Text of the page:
What Activities Are Important to a Senior’s Quality of Life?

Routine in everyday life gives us a sense of security. For the elderly, retired, and perhaps on their own, the same old routine can quickly turn into boredom. Fortunately, there are many ways to beat this problem.

Numerous activities, like brain jogging, social visits, mini-jobs, and everyday exercises and training for the body allow older people to break out of any rut. The mental and physical health of seniors can be positively affected, and many of the activities can be done alone as well as together with friends, children, and grandchildren. Get inspired and let your creativity loose!

What Factors Affect the Quality of Life in the Elderly?

How our overall health affects our quality of life depends on the individual. Health-related quality of life has several dimensions, including:

  • Avoidance of troublesome physical symptoms.
  • The ability to perform the activities of daily living.
  • Maintaining close interpersonal relationships with friends and family members.
  • Satisfaction with medical and financial aspects of health care.

Most people believe that avoiding or controlling chronic pain is important to maintaining a high quality of life. Other influences are less obviously related to health care, such as the quality of close relationships, cultural influences, religion, spirituality, personal values, and previous health care experiences. 

“Studies have shown that seniors with a sense of purpose are less susceptible to cognitive impairment, heart attacks, and strokes, and they are more likely to live longer. Learning new things improves brain health. Physical activity slows and sometimes reverses physical incapacity.” Bethesda Health

What Improves Quality of Life in the Elderly?

Being completely healthy is an aspiration that’s not always achieved – when we are young or in old age. It’s more a question of maintaining a good quality of life and autonomy despite our age, physical, or mental state.

In old age, it’s important to maintain physical and mental functioning. After all, those who are able to cope with everyday life to some extent also have many more opportunities to spend a self-determined old age. Physical functioning is particularly important in this respect. Older people must — in the truest sense of the word — keep moving.

“Older adults with increasing productive engagement in physical activity reported better scores of Mental Component Summary, social and emotional role functioning than those with decreasing productive engagement in physical activity.” National Library of Medicine

Why Are Activities Important for the Elderly?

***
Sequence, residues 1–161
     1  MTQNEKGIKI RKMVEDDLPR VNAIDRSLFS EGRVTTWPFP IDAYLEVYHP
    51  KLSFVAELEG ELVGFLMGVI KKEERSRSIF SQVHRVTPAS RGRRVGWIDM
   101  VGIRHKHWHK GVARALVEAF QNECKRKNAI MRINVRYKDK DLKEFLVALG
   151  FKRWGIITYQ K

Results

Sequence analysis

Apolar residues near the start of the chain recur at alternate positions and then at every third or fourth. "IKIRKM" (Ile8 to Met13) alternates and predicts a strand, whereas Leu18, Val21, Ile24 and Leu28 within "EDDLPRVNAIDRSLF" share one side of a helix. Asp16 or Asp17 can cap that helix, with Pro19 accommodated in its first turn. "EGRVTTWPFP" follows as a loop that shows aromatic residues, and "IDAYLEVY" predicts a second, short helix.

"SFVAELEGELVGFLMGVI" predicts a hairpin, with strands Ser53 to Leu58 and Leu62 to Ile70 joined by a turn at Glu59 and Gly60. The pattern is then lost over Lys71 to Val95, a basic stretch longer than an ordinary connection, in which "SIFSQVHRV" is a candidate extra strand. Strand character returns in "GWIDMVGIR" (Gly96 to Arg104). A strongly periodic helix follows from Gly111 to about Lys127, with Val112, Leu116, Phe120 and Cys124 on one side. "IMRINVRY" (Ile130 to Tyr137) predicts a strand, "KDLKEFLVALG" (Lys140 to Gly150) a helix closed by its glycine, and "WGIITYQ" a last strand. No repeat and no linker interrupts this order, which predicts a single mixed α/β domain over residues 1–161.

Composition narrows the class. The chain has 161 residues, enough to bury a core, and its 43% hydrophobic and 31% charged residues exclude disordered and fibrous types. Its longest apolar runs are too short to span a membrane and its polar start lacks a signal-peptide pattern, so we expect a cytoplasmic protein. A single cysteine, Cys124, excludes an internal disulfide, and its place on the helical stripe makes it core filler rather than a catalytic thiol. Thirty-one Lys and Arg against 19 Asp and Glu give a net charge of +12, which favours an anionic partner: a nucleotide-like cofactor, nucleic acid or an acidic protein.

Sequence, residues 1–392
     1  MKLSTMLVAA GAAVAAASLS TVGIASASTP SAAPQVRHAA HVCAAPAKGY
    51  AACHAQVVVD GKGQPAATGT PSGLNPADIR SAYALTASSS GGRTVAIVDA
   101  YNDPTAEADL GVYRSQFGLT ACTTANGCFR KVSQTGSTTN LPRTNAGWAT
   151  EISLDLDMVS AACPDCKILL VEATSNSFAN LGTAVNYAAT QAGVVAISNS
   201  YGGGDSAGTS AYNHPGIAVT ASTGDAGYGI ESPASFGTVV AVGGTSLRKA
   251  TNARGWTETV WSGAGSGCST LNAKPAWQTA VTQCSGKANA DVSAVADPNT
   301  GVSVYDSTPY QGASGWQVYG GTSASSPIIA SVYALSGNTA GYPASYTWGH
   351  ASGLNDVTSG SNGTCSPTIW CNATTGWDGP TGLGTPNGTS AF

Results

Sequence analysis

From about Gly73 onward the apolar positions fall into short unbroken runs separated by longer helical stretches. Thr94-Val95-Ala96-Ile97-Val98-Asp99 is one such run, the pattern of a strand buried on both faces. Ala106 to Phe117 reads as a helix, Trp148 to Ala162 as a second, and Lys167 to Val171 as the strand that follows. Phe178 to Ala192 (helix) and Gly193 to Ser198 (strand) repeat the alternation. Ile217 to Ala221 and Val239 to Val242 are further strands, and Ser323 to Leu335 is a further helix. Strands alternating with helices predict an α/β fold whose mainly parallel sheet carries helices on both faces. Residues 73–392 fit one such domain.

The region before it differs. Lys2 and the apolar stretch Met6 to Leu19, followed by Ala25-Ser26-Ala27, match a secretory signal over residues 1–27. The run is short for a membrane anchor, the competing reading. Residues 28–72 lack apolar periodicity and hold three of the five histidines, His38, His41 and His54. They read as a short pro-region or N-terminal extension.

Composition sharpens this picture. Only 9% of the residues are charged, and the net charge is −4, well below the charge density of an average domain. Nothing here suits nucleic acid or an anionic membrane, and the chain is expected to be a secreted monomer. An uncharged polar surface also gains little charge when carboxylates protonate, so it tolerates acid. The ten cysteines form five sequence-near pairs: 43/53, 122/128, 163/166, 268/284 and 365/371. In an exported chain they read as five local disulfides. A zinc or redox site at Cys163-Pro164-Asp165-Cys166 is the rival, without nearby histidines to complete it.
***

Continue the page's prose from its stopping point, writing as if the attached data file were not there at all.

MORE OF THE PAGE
Most older people are free from work obligations and child-rearing, so their everyday life consists mainly of free time. To prevent boredom from arising, it’s important to make getting up in the morning appealing.

Boredom in old age is often caused by social deprivation, which means that there is little or no social contact. This can lead to severe depression. The technical term for this is “Bore out” (you have probably heard of Burnout, which is the other extreme). This can occur when those affected no longer feel needed and appreciated, or when they are faced with hours of unstimulating activity.

In view of the almost infinite possibilities of leisure activities available to seniors of today, being bored seems almost unthinkable. So how do you best implement leisure activities?

Ask yourself:

  • What would I like to do in my free time?
  • What is important to me in life?
  • What can be challenging for me?

What are Some Activities that Can Help When Aging?

Time with family and friends: Retirement brings with it the opportunity to devote more in-depth time to families and friends. This leisure activity not only fills the day but also makes people happy.

Exercise for physical fitness: Exercise is so important in old age! It is the only way to maintain or even improve physical abilities. If you want to practice a particular sport on a regular basis, you can join a club. Important is that you keep moving!

Cognitive training for mental fitness: Not only physical fitness but also mental fitness plays a major role in old age. Cognitive skills can already be trained by crossword puzzles, Sudoku, or memory. Brain jogging is as important as physical movement.

Senior clubs and meeting places: These places provide a platform for older people to come together. In addition, such places offer the opportunity to make new social contacts with people of the same age and thus prevent loneliness.

Volunteering: Doing good in your newly won time? Whether as a reading mentor in a children’s facility, a member of the local senior citizens’ advisory board, a loaner nanny, a homework helper, or an employee at the food bank — there is something for everyone. 

Travel: Seeing the whole world — is difficult for many people during their working years and the limited vacation days that come with it. You don’t need to travel the world either — perhaps you haven’t yet been to the neighboring state capitol.

Why not ask your doctor about similar activities that encourage positive physical and mental outcomes?

“It’s not enough to just be alive. Feeling satisfied and fulfilled is just as important for overall well-being as getting regular check-ups from the doctor. In fact, having a positive view of life can help seniors have more energy, less stress, better appetite, and prevent cognitive decline.” Daily Caring